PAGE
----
Showing: 1-10 results of 31

CHAPTER I A MYSTERIOUS VISITOR "Boys! B-o-y-s!" There was no response to the imperative summons. Professor Zepplin sat up in his cot, listening intently. Something had awakened him suddenly, but just what he was unable to decide. "Be quiet over there, young men," he admonished, adding in a lower tone, "I'm sure I heard some one moving about." The camp of the Pony Rider Boys lay wrapped in darkness, the camp-fire having long since died out.... more...

Mr Sudberry in his Counting-House. Mr John Sudberry was a successful London merchant. He was also a fat little man. Moreover, he was a sturdy little man, wore spectacles, and had a smooth bald head, over which, at the time we introduce him to the reader, fifty summers had passed, with their corresponding autumns, winters, and springs. The passage of so many seasons over him appeared to have exercised a polishing influence on the merchant, for Mr... more...

TOM WANTS EXCITEMENT   “Have you anything special to do to-night, Ned?” asked Tom Swift, the well-known inventor, as he paused in front of his chum’s window, in the Shopton National Bank. “No, nothing in particular,” replied the bank clerk, as he stacked up some bundles of bills. “Why do you ask?” “I wanted you to come over to the house for a while.” “Going to have a surprise... more...

A CHANCE "OUT" "You are so crazy as a loon! Boys? Boys to such a drip dake? Nein!" Von Hofe excitedly pounded the table until the attendants at the Explorers' Club stared. Then he leaned back determinedly and lighted his meerschaum. The lean, bronzed man who sat opposite pushed away his maps with a smile. "You misunderstand, von Hofe. I know both these boys personally and vouch for them. You have agreed that this is to be no milk-and-water... more...

CHAPTER I WESTWARD, HO! "Ow, Wow, Wow, Wow! Y-E-O-W!" Tad Butler, who was industriously chopping wood at the rear of the woodshed of his home, finished the tough, knotted stick before looking up. The almost unearthly chorus of yells behind him had not even startled the boy or caused him to cease his efforts until he had completed what he had set out to do. This finished, Tad turned a smiling face to the three brown-faced young men who were... more...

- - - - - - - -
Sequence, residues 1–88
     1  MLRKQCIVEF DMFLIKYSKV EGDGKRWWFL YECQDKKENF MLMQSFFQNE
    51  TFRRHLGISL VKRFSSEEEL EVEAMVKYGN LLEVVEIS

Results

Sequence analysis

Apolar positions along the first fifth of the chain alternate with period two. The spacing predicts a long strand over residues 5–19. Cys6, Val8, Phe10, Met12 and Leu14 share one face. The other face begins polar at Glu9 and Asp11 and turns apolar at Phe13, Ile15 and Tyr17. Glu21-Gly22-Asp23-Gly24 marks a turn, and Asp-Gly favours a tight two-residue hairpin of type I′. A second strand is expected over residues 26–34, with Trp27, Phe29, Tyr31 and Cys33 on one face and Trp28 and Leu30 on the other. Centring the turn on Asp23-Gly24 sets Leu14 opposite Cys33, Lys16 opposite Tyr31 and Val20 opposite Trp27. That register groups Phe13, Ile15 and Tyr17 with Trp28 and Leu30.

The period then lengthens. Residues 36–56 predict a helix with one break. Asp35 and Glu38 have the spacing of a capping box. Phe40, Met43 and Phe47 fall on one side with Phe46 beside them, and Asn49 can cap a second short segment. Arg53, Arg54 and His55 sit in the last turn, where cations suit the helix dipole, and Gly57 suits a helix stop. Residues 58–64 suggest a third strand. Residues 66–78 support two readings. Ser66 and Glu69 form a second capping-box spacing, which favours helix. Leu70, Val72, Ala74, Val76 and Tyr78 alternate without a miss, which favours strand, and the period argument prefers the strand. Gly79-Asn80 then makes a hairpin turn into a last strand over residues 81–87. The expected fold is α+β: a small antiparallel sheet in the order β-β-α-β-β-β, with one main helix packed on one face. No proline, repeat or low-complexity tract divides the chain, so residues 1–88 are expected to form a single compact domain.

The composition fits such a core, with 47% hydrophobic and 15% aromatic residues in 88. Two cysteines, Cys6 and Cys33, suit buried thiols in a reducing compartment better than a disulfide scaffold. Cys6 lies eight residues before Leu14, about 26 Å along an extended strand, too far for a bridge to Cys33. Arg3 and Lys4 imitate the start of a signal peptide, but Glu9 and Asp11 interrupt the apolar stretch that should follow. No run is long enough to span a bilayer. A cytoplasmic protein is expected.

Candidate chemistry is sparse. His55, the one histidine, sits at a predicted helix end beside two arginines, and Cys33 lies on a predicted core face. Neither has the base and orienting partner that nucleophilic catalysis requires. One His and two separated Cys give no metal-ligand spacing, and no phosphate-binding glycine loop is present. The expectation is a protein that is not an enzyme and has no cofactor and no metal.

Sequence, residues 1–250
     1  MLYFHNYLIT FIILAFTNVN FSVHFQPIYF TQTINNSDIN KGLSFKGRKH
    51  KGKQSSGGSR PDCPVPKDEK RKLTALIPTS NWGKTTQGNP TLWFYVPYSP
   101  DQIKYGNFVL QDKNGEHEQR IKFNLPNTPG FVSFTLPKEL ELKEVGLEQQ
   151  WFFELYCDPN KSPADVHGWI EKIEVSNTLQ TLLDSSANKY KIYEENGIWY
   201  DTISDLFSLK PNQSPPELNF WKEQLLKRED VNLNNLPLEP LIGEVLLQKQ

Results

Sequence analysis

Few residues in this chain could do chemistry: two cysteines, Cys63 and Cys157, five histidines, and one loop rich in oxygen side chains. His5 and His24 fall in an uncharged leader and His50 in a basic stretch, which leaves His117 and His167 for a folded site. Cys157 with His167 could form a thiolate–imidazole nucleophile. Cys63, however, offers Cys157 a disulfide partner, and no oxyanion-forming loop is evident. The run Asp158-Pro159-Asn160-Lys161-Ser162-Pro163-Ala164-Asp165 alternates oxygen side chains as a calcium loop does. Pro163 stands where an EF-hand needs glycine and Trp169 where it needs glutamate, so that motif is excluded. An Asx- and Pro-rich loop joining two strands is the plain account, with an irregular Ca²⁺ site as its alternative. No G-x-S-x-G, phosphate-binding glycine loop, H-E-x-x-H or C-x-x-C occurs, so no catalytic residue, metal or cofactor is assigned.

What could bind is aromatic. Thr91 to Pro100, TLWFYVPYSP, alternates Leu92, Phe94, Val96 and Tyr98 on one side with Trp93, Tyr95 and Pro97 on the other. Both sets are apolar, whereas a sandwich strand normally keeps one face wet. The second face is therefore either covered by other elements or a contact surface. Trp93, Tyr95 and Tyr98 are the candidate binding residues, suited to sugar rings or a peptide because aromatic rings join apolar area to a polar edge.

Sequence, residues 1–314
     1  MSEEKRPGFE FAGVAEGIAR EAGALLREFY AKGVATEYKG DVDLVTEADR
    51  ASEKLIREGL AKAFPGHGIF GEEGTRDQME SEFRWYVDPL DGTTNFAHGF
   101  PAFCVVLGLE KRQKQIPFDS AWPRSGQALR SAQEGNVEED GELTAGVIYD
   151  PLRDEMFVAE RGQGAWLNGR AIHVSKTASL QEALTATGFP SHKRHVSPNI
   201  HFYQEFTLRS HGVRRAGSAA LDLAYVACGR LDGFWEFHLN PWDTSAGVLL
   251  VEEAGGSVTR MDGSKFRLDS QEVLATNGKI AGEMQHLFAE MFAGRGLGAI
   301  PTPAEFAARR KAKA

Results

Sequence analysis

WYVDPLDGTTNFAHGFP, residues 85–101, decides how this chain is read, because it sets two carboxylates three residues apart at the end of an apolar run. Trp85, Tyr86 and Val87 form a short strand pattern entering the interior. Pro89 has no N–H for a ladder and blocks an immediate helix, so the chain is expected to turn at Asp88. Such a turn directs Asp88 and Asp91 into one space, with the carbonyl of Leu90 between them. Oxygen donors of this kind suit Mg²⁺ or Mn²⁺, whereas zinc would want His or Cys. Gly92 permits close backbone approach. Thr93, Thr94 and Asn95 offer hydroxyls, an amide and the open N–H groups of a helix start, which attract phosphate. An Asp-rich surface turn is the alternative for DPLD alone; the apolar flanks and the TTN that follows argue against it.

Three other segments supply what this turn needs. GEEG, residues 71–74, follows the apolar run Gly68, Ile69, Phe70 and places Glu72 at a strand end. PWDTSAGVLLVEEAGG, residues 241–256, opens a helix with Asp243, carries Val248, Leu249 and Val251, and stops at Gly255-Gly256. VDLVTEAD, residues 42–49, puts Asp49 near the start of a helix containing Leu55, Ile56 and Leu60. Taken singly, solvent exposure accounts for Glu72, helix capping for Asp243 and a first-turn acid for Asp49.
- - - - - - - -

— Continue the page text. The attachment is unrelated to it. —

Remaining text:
IN THE LAND OF THE COWBOY "What's that?" "Guns, I reckon." "Sounds to me as if the town were being attacked. Just like war time, isn't it?" "Never having been to war, I can't say. But it's a noise all right." The freckle-faced boy, sitting on his pony with easy confidence, answered his companion's questions absently. After a careless glance up the street, he turned to resume his study of the noisy crowds that were surging back and forth... more...

CHUNKY'S NEW IDEA Three of the ponies, they found, had been knocked down and so severely shocked that they were only just beginning to regain consciousness. "Why didn't you tell us?" demanded Ned, turning on Stacy savagely. "You wouldn't let me. Maybe next time I've got an idea, you'll stop and listen." Kris Kringle's face wore a broad grin. "Master Stacy is right. He tried hard enough to tell us," he said. Chunky was humming blithely as... more...

CHAPTER ITHROUGH ENCHANTING WATERS “Captain, who are the four silent men leaning over the rail on the other side of the boat?” asked Tad Butler. “I have been wondering about them almost ever since we left Vancouver. They don’t seem to speak to a person, and seldom to each other, though somehow they appear to be traveling in company. They act as if they were afraid someone would recognize them. I am sure they aren’t... more...

CHAPTER I THE PRINCIPAL HEARS SOMETHING ABOUT "PENNIES" Clang! "Attention, please." The barely audible droning of study ceased promptly in the big assembly room of the Gridley High School. The new principal, who had just stepped into the room, and who now stood waiting behind his flat-top desk on the platform, was a tall, thin, severe-looking man of thirty-two or three. For this year Dr. Carl Thornton, beloved principal for a half-score of... more...

CHAPTER I SULKING IN THE FOOTBALL CAMP "Football is all at sixes and sevens, this year," muttered DaveDarrin disconsolately. "I can tell you something more than that," added Tom Reade mysteriously. "What?" asked Dick Prescott, looking at Reade with interest, for it was unusual for Reade to employ that tone or air. "Two members of the Athletics Committee have intimated to CoachMorton that they'd rather see football passed by this year."... more...